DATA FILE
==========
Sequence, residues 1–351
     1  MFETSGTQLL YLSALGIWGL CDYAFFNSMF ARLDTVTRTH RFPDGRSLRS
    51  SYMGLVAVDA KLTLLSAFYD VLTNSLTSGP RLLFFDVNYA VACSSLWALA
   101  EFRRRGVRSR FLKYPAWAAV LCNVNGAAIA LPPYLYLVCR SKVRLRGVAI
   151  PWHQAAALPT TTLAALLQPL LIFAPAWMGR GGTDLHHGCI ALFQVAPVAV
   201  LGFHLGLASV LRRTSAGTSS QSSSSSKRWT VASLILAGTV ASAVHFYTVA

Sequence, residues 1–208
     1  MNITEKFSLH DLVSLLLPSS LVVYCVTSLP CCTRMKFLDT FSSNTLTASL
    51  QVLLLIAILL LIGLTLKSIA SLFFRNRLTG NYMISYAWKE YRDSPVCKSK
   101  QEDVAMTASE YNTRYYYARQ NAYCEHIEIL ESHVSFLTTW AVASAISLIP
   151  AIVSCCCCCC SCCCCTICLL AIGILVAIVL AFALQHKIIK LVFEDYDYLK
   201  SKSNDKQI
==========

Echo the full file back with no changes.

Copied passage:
Sequence, residues 1–351
     1  MFETSGTQLL YLSALGIWGL CDYAFFNSMF ARLDTVTRTH RFPDGRSLRS
    51  SYMGLVAVDA KLTLLSAFYD VLTNSLTSGP RLLFFDVNYA VACSSLWALA
   101  EFRRRGVRSR FLKYPAWAAV LCNVNGAAIA LPPYLYLVCR SKVRLRGVAI
   151  PWHQAAALPT TTLAALLQPL LIFAPAWMGR GGTDLHHGCI ALFQVAPVAV
   201  LGFHLGLASV LRRTSAGTSS QSSSSSKRWT VASLILAGTV ASAVHFYTVA

Sequence, residues 1–208
     1  MNITEKFSLH DLVSLLLPSS LVVYCVTSLP CCTRMKFLDT FSSNTLTASL
    51  QVLLLIAILL LIGLTLKSIA SLFFRNRLTG NYMISYAWKE YRDSPVCKSK
   101  QEDVAMTASE YNTRYYYARQ NAYCEHIEIL ESHVSFLTTW AVASAISLIP
   151  AIVSCCCCCC SCCCCTICLL AIGILVAIVL AFALQHKIIK LVFEDYDYLK
   201  SKSNDKQI